Spokesman, Application Architecture Working Group
Globalization Special Interest Group
Data Archiving & Information Lifecycle Management
Special Interest Group
|The German-Speaking SAP User Group (DSAG) provides a rich forum for members to collaborate with other SAP users, work together to solve common problems, and share best practices. Last year, two DSAG committees joined forces to draft a best-practices document designed to help members tackle a crucial undertaking: data retention.
The volume of data stored in companies’ ERP systems has grown exponentially, even over the last few years. To reduce this strain on databases and the resulting performance slowdowns, companies must purge these systems of information that is no longer needed.
At the same time, however, legal regulations require companies to retain certain information for a set time — or suffer the consequences. And since these regulations vary based on data type and country of origin, it’s easy to see why cleaning and archiving data systems can cause headaches for IT teams.
Collecting a Single Source of Data
To help companies address these issues, members of DSAG’s Application Architecture Working Group and Data Archiving & Information Lifecycle Management Special Interest Group banded together to collect all of the rules and best practices surrounding data retention and compile them in one central location.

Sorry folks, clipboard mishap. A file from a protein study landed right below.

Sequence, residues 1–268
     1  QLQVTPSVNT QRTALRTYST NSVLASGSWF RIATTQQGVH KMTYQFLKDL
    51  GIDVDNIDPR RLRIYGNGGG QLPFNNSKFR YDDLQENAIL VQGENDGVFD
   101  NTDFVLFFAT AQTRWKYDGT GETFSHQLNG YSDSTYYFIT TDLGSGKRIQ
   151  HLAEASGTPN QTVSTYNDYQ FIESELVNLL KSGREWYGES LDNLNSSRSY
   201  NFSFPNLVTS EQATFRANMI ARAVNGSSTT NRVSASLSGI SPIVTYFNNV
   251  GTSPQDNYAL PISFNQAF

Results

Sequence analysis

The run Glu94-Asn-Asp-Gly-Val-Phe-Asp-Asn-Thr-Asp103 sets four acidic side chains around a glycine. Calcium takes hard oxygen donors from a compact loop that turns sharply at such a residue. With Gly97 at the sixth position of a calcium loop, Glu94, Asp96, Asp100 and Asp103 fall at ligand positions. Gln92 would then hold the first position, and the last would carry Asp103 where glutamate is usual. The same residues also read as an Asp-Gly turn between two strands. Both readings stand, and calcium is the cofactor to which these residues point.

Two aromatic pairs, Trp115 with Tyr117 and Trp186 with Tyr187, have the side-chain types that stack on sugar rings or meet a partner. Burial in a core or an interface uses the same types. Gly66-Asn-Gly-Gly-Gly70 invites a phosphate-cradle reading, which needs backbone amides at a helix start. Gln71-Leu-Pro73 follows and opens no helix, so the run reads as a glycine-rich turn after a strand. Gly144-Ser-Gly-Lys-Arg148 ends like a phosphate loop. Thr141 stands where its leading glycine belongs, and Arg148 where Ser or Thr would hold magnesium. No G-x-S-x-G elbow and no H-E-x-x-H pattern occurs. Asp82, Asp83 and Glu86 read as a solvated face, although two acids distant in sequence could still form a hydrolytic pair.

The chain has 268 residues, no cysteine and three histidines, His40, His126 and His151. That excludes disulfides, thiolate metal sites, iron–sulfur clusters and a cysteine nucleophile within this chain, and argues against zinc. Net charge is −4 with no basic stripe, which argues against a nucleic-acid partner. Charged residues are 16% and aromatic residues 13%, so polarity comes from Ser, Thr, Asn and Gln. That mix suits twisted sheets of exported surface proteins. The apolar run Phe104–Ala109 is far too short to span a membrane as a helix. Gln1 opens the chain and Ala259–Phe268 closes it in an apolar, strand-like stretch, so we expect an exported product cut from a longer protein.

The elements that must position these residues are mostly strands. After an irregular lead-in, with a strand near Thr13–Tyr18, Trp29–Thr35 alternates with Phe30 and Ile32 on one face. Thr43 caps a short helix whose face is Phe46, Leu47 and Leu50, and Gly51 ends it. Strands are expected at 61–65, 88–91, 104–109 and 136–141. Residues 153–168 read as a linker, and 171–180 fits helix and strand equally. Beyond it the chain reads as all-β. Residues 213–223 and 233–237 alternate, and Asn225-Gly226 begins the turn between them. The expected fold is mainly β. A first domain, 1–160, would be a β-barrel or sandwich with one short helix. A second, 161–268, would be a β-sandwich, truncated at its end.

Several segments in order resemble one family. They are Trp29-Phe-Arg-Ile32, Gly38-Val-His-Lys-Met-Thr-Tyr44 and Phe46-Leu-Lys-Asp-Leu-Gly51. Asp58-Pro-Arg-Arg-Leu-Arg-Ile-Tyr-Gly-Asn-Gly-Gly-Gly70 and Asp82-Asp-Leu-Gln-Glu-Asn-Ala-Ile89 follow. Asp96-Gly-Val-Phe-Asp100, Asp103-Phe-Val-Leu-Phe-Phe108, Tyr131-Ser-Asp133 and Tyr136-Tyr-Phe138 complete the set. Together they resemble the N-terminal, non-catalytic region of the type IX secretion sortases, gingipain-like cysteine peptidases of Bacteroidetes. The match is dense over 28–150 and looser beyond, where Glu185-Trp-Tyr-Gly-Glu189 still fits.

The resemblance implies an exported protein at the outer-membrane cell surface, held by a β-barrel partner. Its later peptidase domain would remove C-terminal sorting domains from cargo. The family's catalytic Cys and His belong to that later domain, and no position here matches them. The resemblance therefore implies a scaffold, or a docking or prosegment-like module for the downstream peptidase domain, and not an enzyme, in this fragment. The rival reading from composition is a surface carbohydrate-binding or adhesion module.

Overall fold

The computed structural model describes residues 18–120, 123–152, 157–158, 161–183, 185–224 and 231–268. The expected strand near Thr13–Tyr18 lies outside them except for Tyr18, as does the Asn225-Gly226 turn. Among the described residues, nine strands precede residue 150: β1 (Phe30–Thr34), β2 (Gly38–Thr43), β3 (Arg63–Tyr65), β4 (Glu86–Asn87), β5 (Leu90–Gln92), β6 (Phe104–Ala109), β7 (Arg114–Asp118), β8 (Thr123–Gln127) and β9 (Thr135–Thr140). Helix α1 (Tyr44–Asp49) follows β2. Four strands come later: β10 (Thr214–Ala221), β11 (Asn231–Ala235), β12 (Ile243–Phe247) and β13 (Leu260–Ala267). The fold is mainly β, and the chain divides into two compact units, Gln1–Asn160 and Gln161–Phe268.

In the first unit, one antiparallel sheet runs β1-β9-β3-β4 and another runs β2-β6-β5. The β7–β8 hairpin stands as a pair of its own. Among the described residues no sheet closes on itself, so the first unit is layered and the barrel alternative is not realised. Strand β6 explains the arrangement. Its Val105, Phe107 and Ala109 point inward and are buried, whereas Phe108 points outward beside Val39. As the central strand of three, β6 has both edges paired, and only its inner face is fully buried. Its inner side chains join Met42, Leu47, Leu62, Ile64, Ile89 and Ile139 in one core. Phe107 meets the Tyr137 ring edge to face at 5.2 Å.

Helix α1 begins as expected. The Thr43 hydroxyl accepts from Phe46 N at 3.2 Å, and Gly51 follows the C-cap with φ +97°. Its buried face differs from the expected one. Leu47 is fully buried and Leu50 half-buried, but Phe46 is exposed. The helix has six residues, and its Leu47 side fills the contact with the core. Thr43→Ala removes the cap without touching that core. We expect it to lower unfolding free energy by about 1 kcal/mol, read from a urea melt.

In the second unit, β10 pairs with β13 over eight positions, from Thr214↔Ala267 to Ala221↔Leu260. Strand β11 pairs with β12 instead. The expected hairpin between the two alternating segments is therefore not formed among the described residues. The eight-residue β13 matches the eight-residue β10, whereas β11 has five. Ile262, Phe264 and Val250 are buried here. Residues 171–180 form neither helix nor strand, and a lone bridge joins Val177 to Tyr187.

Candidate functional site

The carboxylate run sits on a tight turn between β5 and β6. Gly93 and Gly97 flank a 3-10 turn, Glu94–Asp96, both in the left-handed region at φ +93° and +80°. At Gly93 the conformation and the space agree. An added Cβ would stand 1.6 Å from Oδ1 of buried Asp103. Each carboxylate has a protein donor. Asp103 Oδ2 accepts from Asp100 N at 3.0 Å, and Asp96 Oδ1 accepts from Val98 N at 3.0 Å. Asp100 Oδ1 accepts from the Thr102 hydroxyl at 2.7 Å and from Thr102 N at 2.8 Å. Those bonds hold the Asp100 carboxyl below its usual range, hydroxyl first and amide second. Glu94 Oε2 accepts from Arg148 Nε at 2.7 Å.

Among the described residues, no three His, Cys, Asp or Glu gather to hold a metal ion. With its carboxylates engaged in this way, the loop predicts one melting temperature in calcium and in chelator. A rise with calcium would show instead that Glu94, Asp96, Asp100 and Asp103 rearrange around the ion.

To get started, we had to figure out the reasons behind members’ data retention problems. We determined that archiving projects typically don’t get off the ground because IT isn’t sure what the country-specific regulations are for their data. Because tracking down this information is so time consuming, companies often keep data longer than necessary, leading to slower system performance. So we joined together to create a document that outlines best practices and guidelines for archiving data in global SAP systems.
This “living” document consists of a comprehensive table, which lists the storage period (residence time) of data in SAP systems, as well as data retention times in the various countries — six years in Spain, for example. Although these guidelines are mostly relevant for accounting data, the rules often apply to financial, logistics, and sales data as well. After four months of meetings and teleconferences, we released the document to other DSAG members so they could use the information in their own data retention projects and help us update the document.
Participate in the Knowledge Sharing
Those interested in helping us update this document can send information to email@example.com. We plan to revisit and revise the document every year, and we invite — and encourage — every DSAG member to help keep it current. This knowledge sharing and
networking is a key benefit of DSAG membership. To access this and other best-practice documents (see sidebar), please visit www.dsag.de/go/archiving.